A bequest—a few lines in a will or estate plan that sets aside a cash amount—is the most common gift form, yet there’s no single template for planned giving.

There are also ways in which you can gift life insurance assets, retirement assets; you can give a gift of real estate. You can even leave personal property to the foundation after you’re gone. So, it doesn’t necessarily need to be a cash bequest, or a gift of securities. There are many different ways in which your assets could be used to benefit the mission of the foundation through a planned gift.

We have a link to more information about Texas Parks and Wildlife Foundation’s planned giving program at

For Texas Parks and Wildlife…I’m Cecilia Nasti.

Ask a Game Warden: Report Wildlife Violations

Tuesday, September 20th, 2016
It's all part of the job.

It’s all part of the job.

This is Passport to Texas’ Ask a Game Warden

It’s officially fall hunting season in Texas. But what if you suspect someone of illegally harvesting wildlife?

If they see something they think is a violation, and they have the contact information readily available, contact your local game warden and let them know that [what you observed].

Lieutenant Lewis Rather is Operation Game Thief Coordinator for Texas Parks and Wildlife. If you don’t have your Game Warden’s contact information, then remember this number: 800.792.GAME. It’s the Operation Game Thief hotline.

It’s operated 24/7, and our dispatchers will take those calls and get them out to the game wardens immediately, electronically.

Callers remain anonymous. Before making the call, Lt. Rather says be prepared to provide as much information as possible about the incident. Remember: your safety is paramount.

If you have your phone available, and you can take a picture of the license plate number of the vehicle—take a clear picture of that. Maybe a picture of the violators, if you‘re at a safe location where you can do so. Also, a description of the violators; a good description of what the violation is you think. Where it’s located. And even a description and the color of the vehicle. And one of the most important things, if the vehicle is starting to leave, and you call Operation Game Thief with the information, give them a direction of travel and tell them when they left. And make sure you have a good cell phone number for the dispatcher, in case a game warden needs to call you and ask more questions.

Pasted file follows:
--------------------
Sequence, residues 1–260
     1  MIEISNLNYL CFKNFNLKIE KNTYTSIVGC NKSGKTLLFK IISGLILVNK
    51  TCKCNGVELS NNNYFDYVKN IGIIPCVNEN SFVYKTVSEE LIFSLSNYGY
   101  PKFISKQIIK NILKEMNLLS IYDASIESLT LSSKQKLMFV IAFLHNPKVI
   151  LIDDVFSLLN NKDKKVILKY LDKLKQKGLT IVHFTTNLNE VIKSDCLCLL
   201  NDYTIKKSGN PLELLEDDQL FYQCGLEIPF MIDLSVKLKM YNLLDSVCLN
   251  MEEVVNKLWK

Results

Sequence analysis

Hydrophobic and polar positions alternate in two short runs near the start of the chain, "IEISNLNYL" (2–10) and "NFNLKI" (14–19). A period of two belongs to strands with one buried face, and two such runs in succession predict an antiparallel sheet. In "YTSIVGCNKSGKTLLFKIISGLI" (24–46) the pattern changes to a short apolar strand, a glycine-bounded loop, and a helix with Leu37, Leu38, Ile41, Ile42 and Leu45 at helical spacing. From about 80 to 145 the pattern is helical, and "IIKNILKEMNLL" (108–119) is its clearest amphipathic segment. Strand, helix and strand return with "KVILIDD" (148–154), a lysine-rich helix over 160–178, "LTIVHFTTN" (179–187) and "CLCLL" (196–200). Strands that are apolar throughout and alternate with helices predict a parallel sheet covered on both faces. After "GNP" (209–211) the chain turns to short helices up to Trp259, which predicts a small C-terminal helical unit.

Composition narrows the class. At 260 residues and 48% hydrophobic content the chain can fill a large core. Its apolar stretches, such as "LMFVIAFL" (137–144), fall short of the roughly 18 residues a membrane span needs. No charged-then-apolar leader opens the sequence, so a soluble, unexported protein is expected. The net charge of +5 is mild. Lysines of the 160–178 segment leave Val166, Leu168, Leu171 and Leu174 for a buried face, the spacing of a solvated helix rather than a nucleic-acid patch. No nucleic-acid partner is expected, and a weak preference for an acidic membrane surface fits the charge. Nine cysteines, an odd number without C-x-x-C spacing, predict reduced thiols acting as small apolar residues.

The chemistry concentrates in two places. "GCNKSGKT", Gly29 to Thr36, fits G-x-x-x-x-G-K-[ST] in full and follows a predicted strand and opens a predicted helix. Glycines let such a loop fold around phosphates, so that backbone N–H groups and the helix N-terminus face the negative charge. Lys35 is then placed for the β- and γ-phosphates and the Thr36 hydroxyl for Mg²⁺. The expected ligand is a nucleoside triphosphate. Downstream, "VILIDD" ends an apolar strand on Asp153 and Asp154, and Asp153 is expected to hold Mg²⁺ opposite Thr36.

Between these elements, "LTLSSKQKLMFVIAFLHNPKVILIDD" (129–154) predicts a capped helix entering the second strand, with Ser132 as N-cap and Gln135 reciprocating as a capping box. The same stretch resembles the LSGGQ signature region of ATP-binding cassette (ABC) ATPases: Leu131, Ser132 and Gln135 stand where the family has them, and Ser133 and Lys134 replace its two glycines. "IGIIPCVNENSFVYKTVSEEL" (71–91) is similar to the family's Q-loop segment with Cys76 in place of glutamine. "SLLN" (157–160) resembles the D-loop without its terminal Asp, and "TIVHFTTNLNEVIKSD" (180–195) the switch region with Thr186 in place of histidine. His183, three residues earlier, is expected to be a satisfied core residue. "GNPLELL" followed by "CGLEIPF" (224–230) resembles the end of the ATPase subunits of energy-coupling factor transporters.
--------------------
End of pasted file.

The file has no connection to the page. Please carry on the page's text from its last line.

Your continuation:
If you spot a wildlife violation call 800.792.GAME. That’s 800.792.4263.

For Texas Parks and Wildlife…I’m Cecilia Nasti.

Operation Game Thief

Monday, September 19th, 2016
Game Warden on the trail of a poacher.

Game Warden on the trail of a violator.

This is Passport to Texas

Operation Game Thief is a wildlife crime-stoppers program instituted in 1981 by the 67th legislature.

[OGT’s] primary focus was to be able to offer cash rewards up to $1000 for information leading to [the] arrest and conviction of violators of Texas’ fish and wildlife laws, therefore, helping our game wardens in the law enforcement division [better deter poaching].

Lieutenant Lewis Rather is Operation Game Thief Coordinator for Texas Parks and Wildlife. He says they receive about 15-hundred calls a year.

[It’s been] a very successful way to report our violations. Game Wardens have made many cases due to Operation Game Thief.

When an anonymous citizen tip leads to the arrest and conviction of the perpetrator of a wildlife crime, the caller receives up to a thousand dollar reward. But, Lt. Rather says not everyone takes it.

A lot of callers say, ‘I don’t want the reward, I just want you guys to go out and catch ‘em.’ That’s what our focus. Let’s get the information in as quick as we can, and get it to the game warden as fast as we can—which now we do electronically. And catch the violators.

The Operation Game Thief number to call if you spot a wildlife violation is 800.792.GAME. That’s 800.792.4263.

Tomorrow, the information that’s important to share when reporting a wildlife violation.

For Texas Parks and Wildlife…I’m Cecilia Nasti.